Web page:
It is clear that the two risks with the biggest impact and likelihood are infectious diseases and climate action failure. But how should we think about these two risks? One possibility is to see them as unrelated. This would indicate that we should focus now on COVID-19 and then focus on climate change. However, I believe there are profound reasons for not see the risks as unrelated. On the contrary, these risks are correlated.

Noteworthy, there are important temporal differences between the two risks. While the climate crisis is happening right now, the key difference between the two crises is, in the words of Lidskog et al. (2020), the “urgency of action to counter the rapid spread of the pandemic as compared to the slow and meager action to mitigate longstanding, well-documented, and accelerating climate change”.

Risks are correlated and we cannot talk about infectious diseases as something that is completely unrelated to climate change. However, I believe that these risks will not be identical over time. Specifically, my sense is that the risks are negatively correlated in the shorter term but positively correlated in the longer term.

What we have primarily seen in the coverage of climate change in the wake of the COVID-19 pandemic are stories about less pollution. We have all seen the various pictures of nature and subsequent “nature is healing” memes. COVID-19 led to a reduction in global CO2 emissions and air pollution, demonstrating certain short-term effects of the pandemic. Of course, this is not sustainable in the future and we cannot conclude that the solution to climate change is another pandemic.

On the contrary, climate change will make pandemics worse. Pandemics are related to the destruction of nature and will get worse because of climate change. Specifically, climate change is making it more likely that we will experience similar vira in the future, as described by Colin Carlson, an ecologist at Georgetown University, to Ed Yong: “the biggest factors behind spillovers are land-use change and climate change, both of which are hard to control. Our species has relentlessly expanded into previously wild spaces. Through intensive agriculture, habitat destruction, and rising temperatures, we have uprooted the planet’s animals, forcing them into new and narrower ranges that are on our own doorsteps. Humanity has squeezed the world’s wildlife in a crushing grip—and viruses have come bursting out.”

The key point is that we should treat the risk of pandemics and climate change within the same framework. Luckily, there has already been quite some attention to how the recovery from COVID-19 has to be green. In other words, it is not about returning to the world pre-COVID-19, but make a green recovery. The pandemic is a chance to do better for the climate and transition from a ‘brown’ to a ‘green’ economy over the next ten years. There are different ways to move forward and a strong green stimulus can meet global net-zero CO2 by 2050.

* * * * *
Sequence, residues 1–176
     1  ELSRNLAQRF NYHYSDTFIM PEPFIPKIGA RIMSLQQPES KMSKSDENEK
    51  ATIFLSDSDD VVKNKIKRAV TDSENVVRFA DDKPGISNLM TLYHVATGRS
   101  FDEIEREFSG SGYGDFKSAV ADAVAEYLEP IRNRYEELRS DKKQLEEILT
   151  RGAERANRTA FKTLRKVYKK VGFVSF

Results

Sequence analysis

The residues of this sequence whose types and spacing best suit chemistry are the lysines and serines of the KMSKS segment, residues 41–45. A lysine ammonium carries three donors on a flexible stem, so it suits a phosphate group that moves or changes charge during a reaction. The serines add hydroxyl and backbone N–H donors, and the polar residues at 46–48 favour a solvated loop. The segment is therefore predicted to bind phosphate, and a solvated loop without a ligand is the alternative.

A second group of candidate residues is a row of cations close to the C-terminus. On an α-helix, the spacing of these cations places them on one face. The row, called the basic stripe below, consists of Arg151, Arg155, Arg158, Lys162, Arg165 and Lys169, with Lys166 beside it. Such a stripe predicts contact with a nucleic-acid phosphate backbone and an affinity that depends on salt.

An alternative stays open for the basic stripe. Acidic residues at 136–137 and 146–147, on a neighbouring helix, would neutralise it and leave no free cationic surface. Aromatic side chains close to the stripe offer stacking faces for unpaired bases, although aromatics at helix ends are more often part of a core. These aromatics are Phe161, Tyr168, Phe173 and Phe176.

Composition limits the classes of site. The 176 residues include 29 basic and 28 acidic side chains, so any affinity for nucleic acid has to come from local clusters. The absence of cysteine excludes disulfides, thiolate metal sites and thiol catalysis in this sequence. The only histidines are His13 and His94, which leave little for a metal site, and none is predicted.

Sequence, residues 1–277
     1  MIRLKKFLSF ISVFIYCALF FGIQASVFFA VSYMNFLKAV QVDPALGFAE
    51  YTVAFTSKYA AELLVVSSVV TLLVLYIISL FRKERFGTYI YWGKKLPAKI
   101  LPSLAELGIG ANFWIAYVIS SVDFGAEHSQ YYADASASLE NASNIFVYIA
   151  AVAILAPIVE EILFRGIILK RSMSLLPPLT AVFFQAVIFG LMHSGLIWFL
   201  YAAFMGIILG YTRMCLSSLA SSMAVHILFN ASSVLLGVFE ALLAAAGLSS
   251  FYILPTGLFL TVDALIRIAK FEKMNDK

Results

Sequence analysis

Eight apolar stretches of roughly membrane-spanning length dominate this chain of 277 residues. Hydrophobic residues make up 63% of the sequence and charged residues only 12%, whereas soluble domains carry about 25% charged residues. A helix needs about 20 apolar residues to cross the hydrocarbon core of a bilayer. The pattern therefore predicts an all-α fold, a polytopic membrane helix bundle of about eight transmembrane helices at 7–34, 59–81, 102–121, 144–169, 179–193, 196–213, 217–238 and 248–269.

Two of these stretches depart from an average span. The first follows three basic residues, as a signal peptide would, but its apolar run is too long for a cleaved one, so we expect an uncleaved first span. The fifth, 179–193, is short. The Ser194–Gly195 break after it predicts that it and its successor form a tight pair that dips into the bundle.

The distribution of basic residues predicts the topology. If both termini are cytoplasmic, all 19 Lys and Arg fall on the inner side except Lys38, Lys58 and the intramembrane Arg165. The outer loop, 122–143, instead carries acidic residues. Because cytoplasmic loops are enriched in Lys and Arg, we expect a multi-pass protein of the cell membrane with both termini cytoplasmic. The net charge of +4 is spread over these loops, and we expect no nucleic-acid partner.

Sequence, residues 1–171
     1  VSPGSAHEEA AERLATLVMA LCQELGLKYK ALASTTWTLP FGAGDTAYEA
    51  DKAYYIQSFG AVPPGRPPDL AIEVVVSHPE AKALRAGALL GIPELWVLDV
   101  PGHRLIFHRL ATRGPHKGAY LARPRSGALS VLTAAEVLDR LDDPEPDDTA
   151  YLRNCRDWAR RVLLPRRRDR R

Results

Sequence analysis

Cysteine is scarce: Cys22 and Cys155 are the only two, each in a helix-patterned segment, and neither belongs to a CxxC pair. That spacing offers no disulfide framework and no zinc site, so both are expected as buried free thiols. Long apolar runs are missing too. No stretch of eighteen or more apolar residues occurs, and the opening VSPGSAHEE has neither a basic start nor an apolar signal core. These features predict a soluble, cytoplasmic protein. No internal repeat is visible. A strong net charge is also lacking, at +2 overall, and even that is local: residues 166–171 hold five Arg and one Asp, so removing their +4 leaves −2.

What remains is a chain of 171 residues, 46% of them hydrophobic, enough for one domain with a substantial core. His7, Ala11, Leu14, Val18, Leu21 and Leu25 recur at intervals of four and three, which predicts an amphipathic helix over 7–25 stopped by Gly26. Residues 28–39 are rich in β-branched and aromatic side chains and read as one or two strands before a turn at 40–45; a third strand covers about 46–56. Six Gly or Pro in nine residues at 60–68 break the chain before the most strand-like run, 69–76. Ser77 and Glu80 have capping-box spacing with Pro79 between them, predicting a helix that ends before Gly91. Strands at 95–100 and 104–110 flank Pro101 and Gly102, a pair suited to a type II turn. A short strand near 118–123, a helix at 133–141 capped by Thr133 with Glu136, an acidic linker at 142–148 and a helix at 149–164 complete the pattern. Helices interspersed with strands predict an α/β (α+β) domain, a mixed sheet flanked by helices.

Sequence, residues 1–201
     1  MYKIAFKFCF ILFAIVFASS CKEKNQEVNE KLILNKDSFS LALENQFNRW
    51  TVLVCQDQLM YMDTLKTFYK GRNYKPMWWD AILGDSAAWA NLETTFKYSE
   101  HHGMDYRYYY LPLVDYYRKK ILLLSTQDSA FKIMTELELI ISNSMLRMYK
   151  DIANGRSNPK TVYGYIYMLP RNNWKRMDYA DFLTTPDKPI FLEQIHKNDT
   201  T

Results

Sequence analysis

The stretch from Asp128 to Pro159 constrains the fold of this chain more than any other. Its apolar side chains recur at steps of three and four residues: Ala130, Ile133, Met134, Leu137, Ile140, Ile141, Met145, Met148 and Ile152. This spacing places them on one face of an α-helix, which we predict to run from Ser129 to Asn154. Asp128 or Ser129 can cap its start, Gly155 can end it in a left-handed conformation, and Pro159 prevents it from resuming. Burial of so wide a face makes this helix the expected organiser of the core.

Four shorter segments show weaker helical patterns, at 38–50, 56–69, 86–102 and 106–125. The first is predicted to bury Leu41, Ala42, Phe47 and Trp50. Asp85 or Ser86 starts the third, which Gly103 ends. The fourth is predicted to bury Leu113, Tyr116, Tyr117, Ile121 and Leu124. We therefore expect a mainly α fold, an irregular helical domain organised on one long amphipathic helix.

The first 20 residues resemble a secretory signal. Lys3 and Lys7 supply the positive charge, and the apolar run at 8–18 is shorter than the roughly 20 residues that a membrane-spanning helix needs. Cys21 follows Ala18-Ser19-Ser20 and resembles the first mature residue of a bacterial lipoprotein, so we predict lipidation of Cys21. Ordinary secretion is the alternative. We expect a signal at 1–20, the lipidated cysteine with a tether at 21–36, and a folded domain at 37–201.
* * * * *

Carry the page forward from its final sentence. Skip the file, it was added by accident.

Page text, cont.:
What we should care about is the long-term recovery and in particular the short-term costs to ensure long-term sustainability. One of the concerns is that climate change is already happening and COVID-19 is an inequality accelerator. For example, those who already experience the huge cost of climate change do more so during the pandemic. Again, the global risks related to pandemics and climate change are interconnected.

The good news is that, even in the midst of the pandemic, the public perceives climate change as a great threat – including in the United States and in Europe. The bad news is that there are important differences between a pandemic and climate change. Specifically, as Ramez Naam notes, “coronavirus is actually a much easier challenge for people to conceptualize”. Unsurprisingly, those who are more likely to be concerned about the pandemic and wear a mask will also be more likely to be concerned about climate change. For that reason, alas, I expect many of the challenges we have seen during the pandemic to still be relevant long after COVID-19.

We cannot self-isolate from the effects of climate change, but hopefully the experience with COVID-19 will have increased our understanding of global risks and enable scientists and politicians alike to address the risks of both infectious diseases and climate change.

The Effect of Question Wording: Climate Edition

It is well known that the question wording in a survey may influence the respondents answer. Take as an example the pioneer study (pdf) on framing effects by Amos Tversky and Daniel Kahneman, published in Science, which shows that presenting the same action with different words, in this case whether people will be saved or die, affects the respondents action choice.

A lot of different studies investigate the effects of different wordings in survey questions. An interesting paper by Jonathon P. Schuldt, Sara H. Konrath and Norbert Schwarz shows, that presenting respondents with either the words “global warming” or “climate change”, influence the evaluation of whether the climate is changing or not – but only for republicans. From the abstract:

Republicans were less likely to endorse that the phenomenon is real when it was referred to as “global warming” (44.0%) rather than “climate change” (60.2%), whereas Democrats were unaffected by question wording (86.9% vs. 86.4%).

The experimental design (as well as the whole paper) is simple (and easy to read), but I would like to see a clearer investigation of the causal mechanism, in order to explain the individual differences (being more than simply a democrat or republican), maybe by using some sort of within subjects design.